Therefore, compassion fatigue is characterized by extraneous stress resulting from poor working condition of the caregiver. Most psychologists from the United States clarify that new recruits in nursing often find themselves in similar situations even before they are fully absorbed in the profession (Ekedahl & Wengström, 2008).
Regardless of whatever signs a patient may exhibit, symptom of compassion fatigue translates into stress after, which other negative signs accompanied by physical changes become visible (Bush, 2009). While most of the symptoms associated with the above condition can be controlled, there is no magic that compassion fatigue can be dealt with completely. Some of the most usual signs of compassion fatigue include the following:
Exhaustion - Most caregivers may feel exhausted at the beginning of the day even before they commence working on their duties thus entertaining a lot of laxities even after having spent a week of relaxation, they would still feel physical weary (Bush, 2009).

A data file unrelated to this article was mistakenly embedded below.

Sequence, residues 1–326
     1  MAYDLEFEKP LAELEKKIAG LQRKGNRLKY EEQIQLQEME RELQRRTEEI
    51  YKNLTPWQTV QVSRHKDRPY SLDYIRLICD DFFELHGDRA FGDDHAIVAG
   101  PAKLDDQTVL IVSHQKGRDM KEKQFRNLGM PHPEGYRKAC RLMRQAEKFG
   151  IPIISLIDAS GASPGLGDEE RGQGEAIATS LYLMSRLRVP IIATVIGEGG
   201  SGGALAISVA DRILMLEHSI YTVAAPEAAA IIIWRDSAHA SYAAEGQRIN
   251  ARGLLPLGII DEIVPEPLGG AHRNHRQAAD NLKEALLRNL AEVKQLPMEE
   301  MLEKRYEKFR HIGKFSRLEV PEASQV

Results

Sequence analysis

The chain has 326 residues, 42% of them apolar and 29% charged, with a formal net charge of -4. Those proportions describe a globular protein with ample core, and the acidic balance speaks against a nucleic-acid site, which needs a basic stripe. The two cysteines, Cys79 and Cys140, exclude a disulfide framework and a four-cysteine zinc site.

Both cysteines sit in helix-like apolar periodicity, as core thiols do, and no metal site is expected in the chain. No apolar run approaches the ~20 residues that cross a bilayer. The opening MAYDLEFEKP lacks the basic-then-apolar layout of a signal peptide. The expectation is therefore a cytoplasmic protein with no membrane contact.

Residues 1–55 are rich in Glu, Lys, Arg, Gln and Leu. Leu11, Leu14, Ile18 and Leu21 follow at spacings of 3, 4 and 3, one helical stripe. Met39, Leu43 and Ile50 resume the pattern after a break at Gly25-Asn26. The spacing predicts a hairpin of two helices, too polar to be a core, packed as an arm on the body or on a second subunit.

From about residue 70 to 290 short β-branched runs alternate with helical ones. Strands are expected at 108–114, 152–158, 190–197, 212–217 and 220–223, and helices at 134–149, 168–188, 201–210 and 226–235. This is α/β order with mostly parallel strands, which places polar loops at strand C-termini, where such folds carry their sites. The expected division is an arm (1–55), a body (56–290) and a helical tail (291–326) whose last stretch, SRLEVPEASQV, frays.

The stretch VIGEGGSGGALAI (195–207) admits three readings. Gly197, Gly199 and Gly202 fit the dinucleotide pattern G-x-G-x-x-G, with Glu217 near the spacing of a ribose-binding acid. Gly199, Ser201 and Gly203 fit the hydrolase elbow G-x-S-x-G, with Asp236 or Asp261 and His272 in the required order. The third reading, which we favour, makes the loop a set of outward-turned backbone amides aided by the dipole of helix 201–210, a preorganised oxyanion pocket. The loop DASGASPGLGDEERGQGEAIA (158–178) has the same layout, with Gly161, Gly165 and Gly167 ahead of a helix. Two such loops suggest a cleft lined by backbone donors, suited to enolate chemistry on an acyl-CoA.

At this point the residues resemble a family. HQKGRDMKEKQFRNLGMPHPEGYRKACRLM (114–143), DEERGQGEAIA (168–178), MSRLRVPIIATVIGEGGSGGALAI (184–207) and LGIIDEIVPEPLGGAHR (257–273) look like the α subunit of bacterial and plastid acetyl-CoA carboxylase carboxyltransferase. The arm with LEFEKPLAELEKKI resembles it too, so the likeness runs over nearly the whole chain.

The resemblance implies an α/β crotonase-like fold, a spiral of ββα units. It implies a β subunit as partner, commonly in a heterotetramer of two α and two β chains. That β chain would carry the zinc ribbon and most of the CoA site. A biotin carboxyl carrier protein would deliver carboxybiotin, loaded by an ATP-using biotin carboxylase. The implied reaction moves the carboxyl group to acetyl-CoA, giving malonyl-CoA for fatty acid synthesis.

Increased consumption of alcohol - It has been pointed out that the working day long full of stress, some nurses do resort to engaging into alcohol consumption to unwound stress that they have encountered after a hard day engagements with the patients. However, increases resilience on alcohol will not generate anything constructive instead leads to irritability and loss of money (Bush, 2009).
Inability to make a personal decision - It has also been identified that caregivers who are undergoing compassion fatigue situation often feel a sense of incompetency to make a personal decision. Some nurses who are extremely stressed would get to an extent of doubting their clinical competencies. Others would go to the extent of consulting on a simple issue that could have otherwise been solved without engaging another party (Bush, 2009).
Depersonalization - People who are associated with compassion fatigue-disorder tend to distance